Bacteria, fungi, and viruses can all cause infections of the penis. Penis infections can range from mild and easily treatable conditions to severe or chronic illnesses.
In this article, we discuss the causes, symptoms, and treatments of different penis infections. We also provide guidance on when to seek medical attention.
Balanitis refers to inflammation of the head of the penis, known as the glans. Posthitis describes inflammation of the foreskin or the prepuce. Balanoposthitis is when balanitis and posthitis both occur.
According to a 2020 article, balanitis is a common condition that affects between 3–11% of males, while balanoposthitis occurs in 6% of people with uncircumcised penises.
Typically, these conditions result from irritation, trauma, or infection. Infectious causes of balanitis include:
Penile yeast infection
A type of fungus called Candida triggers yeast infections. Candida albicans (C. albicans) is the most common Candida species. Other names for a penile yeast infection include candida balanitis, candidiasis, and thrush.
Streptococcus, or strep, is a group of bacteria. There are two main types: alpha (α)-hemolytic streptococci and beta (β)-hemolytic streptococci. Beta-hemolytic streptococci can further be split into two groups: group A and group B streptococci.
According to a 2018 book, the Streptococcus species are the most common bacterial cause of balanitis.
Diagnosing balanitis, posthitis, and balanoposthitis
A doctor can diagnose balanitis with a physical examination. They will look for swelling and redness of the glans, foreskin, or both.
They can then order the following diagnostic tests to identify the underlying infection:
- swab culture from the glans
- blood test
Treatments for balanitis, posthitis, and balanoposthitis
Treatment for balanitis depends on the underlying cause.
A doctor will treat a penile yeast infection with a topical antifungal, such as miconazole, imidazole, and clotrimazole. They may prescribe an oral antifungal, called fluconazole, if there are severe yeast infections throughout the body.
Oral antibiotics, such as erythromycin, penicillin, and ampicillin, are effective for treating Staphylococcus infections. A doctor may combine oral and topical antibiotics, such as mupirocin.
Pthiriasis refers to a Phthirus pubis or pubic lice infestation. Pubic lice are parasitic insects that live on coarse body hair, such as pubic hair. Pthiriasis spreads through sexual contact or contact with infested clothing, towels, or bedding.
Symptoms of pthiriasis include:
- persistent or severe itching in the genital region
- red, swollen, tender skin
- visible lice eggs, larvae, or adult lice
- black flecks in underwear
- spots of dried blood on the skin on or near the groin
A doctor can diagnose pthiriasis by removing adult lice or lice eggs from pubic hair. They may examine a hair sample under a microscope and search for lice eggs and other signs of parasitic infestation.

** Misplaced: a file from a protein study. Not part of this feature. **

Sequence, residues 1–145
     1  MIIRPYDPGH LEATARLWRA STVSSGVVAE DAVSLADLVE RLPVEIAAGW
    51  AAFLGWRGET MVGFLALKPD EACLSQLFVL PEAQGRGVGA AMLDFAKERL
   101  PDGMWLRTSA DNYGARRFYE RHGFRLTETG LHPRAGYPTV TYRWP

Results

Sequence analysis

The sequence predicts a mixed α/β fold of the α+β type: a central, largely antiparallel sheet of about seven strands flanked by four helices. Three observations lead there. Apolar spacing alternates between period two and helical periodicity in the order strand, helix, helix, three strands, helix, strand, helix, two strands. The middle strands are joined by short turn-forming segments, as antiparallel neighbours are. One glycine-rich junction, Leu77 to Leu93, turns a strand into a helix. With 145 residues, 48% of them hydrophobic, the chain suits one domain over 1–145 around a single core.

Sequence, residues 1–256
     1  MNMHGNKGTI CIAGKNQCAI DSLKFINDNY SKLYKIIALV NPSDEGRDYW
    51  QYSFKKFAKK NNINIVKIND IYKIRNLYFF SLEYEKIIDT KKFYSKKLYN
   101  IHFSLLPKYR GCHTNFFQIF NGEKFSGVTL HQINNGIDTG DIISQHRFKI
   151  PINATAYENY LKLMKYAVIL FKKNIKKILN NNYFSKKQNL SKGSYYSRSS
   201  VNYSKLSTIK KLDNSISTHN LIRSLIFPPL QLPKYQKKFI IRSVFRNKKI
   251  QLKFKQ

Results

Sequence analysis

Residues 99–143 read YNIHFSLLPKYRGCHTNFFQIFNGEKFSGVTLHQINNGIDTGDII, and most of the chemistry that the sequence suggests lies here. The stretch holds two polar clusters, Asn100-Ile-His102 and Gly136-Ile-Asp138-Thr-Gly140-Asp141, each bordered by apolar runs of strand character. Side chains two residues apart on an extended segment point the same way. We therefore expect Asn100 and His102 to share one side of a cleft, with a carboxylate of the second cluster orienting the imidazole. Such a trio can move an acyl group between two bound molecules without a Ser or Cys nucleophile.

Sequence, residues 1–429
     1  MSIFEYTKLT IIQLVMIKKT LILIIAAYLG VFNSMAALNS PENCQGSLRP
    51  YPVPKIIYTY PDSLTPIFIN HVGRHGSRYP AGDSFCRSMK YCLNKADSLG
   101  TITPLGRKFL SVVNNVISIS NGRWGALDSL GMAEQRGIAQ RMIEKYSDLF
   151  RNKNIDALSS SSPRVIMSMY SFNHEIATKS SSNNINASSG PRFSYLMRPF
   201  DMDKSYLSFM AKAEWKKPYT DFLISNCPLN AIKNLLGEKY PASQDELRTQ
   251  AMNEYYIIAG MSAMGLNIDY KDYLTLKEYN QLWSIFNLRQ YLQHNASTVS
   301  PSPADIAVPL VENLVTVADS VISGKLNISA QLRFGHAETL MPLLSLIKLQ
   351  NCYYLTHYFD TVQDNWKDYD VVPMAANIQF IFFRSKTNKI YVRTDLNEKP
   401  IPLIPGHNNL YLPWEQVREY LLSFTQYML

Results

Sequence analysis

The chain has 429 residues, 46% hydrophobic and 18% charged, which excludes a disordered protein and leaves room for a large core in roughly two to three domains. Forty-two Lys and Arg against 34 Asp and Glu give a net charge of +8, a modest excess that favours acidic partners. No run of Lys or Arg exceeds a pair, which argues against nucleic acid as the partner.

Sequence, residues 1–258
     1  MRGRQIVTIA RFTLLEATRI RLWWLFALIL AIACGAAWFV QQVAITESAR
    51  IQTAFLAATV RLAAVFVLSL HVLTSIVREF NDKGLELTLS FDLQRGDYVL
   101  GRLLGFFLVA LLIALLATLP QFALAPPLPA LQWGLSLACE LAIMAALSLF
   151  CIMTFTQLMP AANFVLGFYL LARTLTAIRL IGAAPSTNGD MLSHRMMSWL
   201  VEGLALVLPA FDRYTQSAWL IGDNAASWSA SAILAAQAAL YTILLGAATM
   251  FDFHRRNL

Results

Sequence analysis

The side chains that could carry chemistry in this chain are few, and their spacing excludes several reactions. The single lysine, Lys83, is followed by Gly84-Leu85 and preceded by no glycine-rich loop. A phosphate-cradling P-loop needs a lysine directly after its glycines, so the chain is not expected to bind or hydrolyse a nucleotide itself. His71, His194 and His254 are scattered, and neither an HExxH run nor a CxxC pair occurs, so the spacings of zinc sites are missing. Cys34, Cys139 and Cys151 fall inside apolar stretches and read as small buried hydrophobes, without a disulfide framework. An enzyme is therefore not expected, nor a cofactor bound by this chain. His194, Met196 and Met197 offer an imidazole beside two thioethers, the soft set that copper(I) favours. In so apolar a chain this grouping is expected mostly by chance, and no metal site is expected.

A doctor can physically remove lice and lice eggs if the infestation is relatively mild.
Over-the-counter (OTC) ointments that contain permethrin, pyrethrins, or piperonyl butoxide are effective against pubic lice infestations. A doctor may prescribe a medicated shampoo called lindane that kills adult lice and their eggs.
People should also wash their clothing, bedding, and towels with hot water and detergent. Drying laundry with high heat also helps kill lice and eggs.
Sexually transmitted infections (STIs) refer to infections that pass between people through sexual contact. Not all STIs lead to noticeable symptoms in males. When symptoms do occur, they can include:
- pain or burning during urination or ejaculation
- a frequent need to urinate
- abnormal or foul-smelling discharge from the penis
- swelling in one or both testicles
- painful blisters or sores
- sore throat
- muscle aches
- swollen lymph nodes
Examples of STIs include:
- hepatitis B
- herpes simplex virus (HSV)
- human immunodeficiency virus (HIV)
- human papillomavirus (HPV) or genital warts
Healthcare providers diagnose STIs with the following methods:
- blood tests
- cell cultures of samples collected from open sores or discharge
Treatments for STIs
Treatment options vary depending on the type of STI.
Chlamydia, gonorrhea, and syphilis are bacterial infections that usually require a single dose medicine or a 7-day course of antibiotics. People should complete the entire course of prescribed antibiotics, even if their symptoms resolve within a few days. Doing this helps prevent recurring infections.
Certain viral STIs, such as hepatitis B, HIV, HPV, and herpes, have no cure. Treatment focuses on managing symptoms and preventing future outbreaks. Antiviral medications can help fight the virus and slow the disease progression.
HPV warts may resolve on their own without medical treatment. However, OTC ointments that contain salicylic acid may help remove warts.
A doctor may recommend one or more of the following treatments to remove genital warts:
- laser therapy
- surgical removal
- prescription medication, including podofilox or podophyllin
A person should see their doctor if they develop symptoms of a penis infection. These can include:
- fever or chills
- swelling, redness, or warmth of the foreskin or the head of the penis
- pain or itching on or near the genitals
- ulcers or raised patches of skin
- unusual discharge from the urethral opening
- foul-smelling pus under the foreskin
Penis infections can lead to painful symptoms that can disrupt a person’s daily life. People should see a doctor if they develop signs of a penis infection, such as redness, swelling, itching, or sores in the genital area.
Sexually active people should also attend regular medical screenings for STIs, as many of them cause no noticeable symptoms in the early stages of infection.